Lantana is an easy-to-grow, beautiful flowering plant that attracts bees, butterflies, and hummingbirds. It's related to verbena, with little clusters of colorful solid or two-toned flowers, ranging from reds, oranges, and yellows, to white, pinks, and purples. It grows as a perennial in warm climates and can grow as big as eight to ten feet. However, it can become an invasive nuisance in places like Florida and Hawaii. Wherever it grows, it's a beautiful and versatile flowering plant.
Where to Plant
Hanging baskets of lantana provide a very festive flowering show all summer long and can be brought indoors as houseplants over the winter in northern areas. Out in the garden or landscape, lantana can be used in various ways. Trailing varieties can be planted in window boxes or trained to grow on a trellis. Shrub and bush varieties can be highlighted in a sunny corner of the garden or yard. Smaller varieties can be used in the border.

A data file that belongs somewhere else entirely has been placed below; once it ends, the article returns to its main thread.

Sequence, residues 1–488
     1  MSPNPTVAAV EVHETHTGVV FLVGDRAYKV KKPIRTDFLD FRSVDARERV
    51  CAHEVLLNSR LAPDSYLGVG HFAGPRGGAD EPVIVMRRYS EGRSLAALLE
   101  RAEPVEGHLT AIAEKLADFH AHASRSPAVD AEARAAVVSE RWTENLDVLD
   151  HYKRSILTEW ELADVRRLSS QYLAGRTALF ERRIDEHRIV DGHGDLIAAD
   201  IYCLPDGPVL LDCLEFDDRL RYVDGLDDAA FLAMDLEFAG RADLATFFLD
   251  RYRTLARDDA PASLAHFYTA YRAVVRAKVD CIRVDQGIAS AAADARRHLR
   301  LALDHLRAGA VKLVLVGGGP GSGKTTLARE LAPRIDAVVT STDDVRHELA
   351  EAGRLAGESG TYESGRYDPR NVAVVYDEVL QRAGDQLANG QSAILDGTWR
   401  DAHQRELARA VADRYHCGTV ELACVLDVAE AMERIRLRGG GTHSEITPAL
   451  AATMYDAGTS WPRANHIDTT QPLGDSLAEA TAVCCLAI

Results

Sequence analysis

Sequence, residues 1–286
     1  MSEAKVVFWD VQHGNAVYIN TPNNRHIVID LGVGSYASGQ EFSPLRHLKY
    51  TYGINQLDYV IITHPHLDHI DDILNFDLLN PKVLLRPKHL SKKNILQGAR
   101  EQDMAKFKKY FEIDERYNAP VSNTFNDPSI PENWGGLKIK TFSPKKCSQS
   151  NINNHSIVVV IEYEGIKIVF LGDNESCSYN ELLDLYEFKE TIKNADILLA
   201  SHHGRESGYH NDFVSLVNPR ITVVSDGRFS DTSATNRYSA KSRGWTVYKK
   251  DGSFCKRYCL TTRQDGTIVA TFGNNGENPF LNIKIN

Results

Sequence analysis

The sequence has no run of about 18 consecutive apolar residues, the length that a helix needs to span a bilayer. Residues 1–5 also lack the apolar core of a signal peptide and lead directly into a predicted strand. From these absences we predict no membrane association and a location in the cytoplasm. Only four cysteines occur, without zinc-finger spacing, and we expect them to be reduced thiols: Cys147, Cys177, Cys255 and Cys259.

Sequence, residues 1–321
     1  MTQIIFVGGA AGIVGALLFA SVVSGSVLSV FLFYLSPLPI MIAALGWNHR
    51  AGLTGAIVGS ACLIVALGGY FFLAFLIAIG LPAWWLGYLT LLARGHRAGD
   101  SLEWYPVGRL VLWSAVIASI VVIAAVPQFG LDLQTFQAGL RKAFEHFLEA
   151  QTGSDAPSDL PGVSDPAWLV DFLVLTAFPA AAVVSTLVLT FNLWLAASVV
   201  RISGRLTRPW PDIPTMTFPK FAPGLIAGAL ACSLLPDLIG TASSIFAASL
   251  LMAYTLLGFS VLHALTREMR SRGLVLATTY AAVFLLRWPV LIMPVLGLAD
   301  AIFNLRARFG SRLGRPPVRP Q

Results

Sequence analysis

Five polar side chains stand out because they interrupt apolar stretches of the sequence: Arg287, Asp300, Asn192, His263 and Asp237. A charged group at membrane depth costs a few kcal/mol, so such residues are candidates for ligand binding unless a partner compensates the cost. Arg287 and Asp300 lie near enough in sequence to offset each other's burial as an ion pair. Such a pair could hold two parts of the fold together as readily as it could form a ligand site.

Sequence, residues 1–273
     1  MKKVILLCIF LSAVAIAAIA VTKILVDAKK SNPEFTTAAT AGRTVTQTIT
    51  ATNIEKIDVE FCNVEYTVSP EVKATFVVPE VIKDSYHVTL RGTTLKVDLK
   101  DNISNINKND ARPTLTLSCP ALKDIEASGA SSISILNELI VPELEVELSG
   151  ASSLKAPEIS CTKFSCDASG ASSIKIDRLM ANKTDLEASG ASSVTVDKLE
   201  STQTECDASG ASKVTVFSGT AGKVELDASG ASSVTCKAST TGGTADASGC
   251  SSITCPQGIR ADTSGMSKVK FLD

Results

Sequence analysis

Lantana can be grown from seeds or cuttings. It helps to speed germination if seeds are soaked in hot water a day before planting in soil. Cuttings can be taken in mid-summer and fall, dipped in rooting medium, and planted. They will root in a few weeks.
Soil and Water
Lantana's native environment is sand and clay loam but it will tolerate a range of soils, including poor soil, as long as there is good drainage. Normal to moist watering is preferable but lantana will not do well with over watering or soggy conditions.
Light and Fertilizer
Lantana needs a full sun location and won't flower or survive well in shade. Lantana thrives in harsh growing conditions like poor soil and close to salt spray. Light fertilizer in early spring is all the fertilization that may be needed, if any.
Lantana grows rapidly and will reach its mature height in a season. Older lantanas can be pruned back in the spring to encourage green growth and avoid woody shrubs. Large shrub lantanas can be trimmed back to contain size. In tropical and warm climates, lantana may become a nuisance and need control.